When I moved to Austin a few years ago to start my new job, I immediately wanted a driver’s license, but faced two obstacles. First, I needed to find someone willing to lend me his/her car so I could take the driving test. I had just arrived in the city and didn’t really know anyone, but I was able to connect with a fellow Texas A&M University alum (go Aggies!) who was gracious enough to lend me her car. The second obstacle was passing the driving test itself. Now I had driven for a while in Nigeria before coming to the US, but I never really had to do parallel parking (it still isn’t my cup of tea) and I knew I was going to be asked to parallel park as part of my test. Thankfully, I got lucky and did a pretty good parallel park on my second attempt, passed my test and got my driver’s license. Life was good, and I no longer had to take the driving test again… until I came to Chicago.
My Texas driver’s license was set to expire by October 31st this year, so once I got back from my summer internship, I went to the DMV in Chicago to renew my license. The lady I met at the counter took my Texas driver’s license and my Nigerian passport and told me that I had to take a written test and a road test before I could get the Illinois driver’s license. This didn’t make sense to me, but I didn’t have some of the other documents with me at the time and so I decided to go home and not argue. When I returned a few days later with all my documents, I was told again that irrespective of the fact that I had a valid driver’s license from Texas, my foreign citizenship meant that I had to take a written test and a road test before I could get the Illinois driver’s license.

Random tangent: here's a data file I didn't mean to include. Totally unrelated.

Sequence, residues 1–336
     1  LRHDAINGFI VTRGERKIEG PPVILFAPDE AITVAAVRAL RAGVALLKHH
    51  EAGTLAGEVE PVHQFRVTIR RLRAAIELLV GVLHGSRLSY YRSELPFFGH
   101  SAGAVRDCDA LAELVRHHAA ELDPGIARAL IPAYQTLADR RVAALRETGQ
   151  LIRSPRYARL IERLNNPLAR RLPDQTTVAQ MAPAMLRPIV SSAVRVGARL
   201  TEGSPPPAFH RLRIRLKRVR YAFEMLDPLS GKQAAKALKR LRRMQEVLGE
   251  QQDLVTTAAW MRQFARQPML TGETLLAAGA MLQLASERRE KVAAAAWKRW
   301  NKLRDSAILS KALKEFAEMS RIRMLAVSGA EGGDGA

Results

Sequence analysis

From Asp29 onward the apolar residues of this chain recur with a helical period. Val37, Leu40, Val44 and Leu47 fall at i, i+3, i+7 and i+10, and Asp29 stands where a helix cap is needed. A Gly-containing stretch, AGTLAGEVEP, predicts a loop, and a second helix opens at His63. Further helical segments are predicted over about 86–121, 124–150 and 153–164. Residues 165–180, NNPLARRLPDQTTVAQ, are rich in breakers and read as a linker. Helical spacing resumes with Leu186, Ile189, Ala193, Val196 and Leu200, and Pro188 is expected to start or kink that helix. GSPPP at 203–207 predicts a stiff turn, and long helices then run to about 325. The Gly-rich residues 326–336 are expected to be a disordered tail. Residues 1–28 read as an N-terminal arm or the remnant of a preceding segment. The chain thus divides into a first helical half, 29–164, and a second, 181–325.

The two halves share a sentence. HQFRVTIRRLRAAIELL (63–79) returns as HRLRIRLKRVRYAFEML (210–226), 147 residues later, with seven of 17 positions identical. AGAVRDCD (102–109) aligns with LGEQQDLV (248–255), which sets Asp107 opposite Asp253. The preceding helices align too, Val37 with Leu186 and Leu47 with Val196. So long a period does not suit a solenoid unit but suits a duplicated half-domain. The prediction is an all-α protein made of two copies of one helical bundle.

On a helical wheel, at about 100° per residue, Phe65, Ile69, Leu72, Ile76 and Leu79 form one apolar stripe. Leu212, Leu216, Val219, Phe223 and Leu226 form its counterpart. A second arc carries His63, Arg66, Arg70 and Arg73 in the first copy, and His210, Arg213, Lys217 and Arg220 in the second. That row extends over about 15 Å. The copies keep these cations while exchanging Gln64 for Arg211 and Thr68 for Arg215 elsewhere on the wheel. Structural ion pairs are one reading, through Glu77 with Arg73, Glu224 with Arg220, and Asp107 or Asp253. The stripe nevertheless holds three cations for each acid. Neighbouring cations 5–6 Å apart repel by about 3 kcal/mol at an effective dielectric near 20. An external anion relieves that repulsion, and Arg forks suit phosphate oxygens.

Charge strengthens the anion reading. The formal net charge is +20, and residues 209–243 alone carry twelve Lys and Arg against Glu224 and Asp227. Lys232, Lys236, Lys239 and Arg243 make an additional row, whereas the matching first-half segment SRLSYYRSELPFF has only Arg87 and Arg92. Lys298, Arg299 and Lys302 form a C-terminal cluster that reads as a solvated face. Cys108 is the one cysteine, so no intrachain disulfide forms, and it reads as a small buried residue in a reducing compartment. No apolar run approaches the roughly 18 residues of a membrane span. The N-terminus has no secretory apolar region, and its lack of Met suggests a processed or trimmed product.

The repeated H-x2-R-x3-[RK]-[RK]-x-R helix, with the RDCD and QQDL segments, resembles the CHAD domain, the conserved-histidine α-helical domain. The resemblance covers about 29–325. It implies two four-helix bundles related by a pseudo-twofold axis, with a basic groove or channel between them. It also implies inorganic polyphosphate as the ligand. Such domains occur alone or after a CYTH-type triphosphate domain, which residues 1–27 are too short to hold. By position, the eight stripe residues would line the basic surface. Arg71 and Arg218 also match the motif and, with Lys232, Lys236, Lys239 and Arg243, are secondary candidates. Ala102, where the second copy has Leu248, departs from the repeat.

Just to be clear, Chicago Illinois is part of the United States, and Austin, Texas is also part of the United States. Furthermore, US citizens and permanent residents who moved from Texas to Illinois are not subject to this ridiculous law, and can exchange a valid version of their Texas driver’s license for an Illinois driver’s license. I have been trying to figure out if there is something immigrants drink that makes them lose their driving ability once they cross state lines.
Seeing that I wasn’t gaining any traction with my protests, I decided to take the written test and the driving test. As I didn’t bring my car to Illinois, I once again had to find a friend who was willing to let me use his car. I also had to practice parallel parking again just in case! (I wasn’t asked to do one though) I think it would have been really embarrassing if I failed the driving test after making so much noise about my driving record. 🙂
So now I have my Illinois driver’s license, and I’m hoping I never have to take the driving test again. It seems like I’ll be fine when I move to Seattle. Apparently the state of Washington is yet to understand that immigrants lose their driving skills once they cross state lines; they still exchange our valid out of state driver’s licenses for a Washington driver’s license.
Image by cyberdriveillinois.com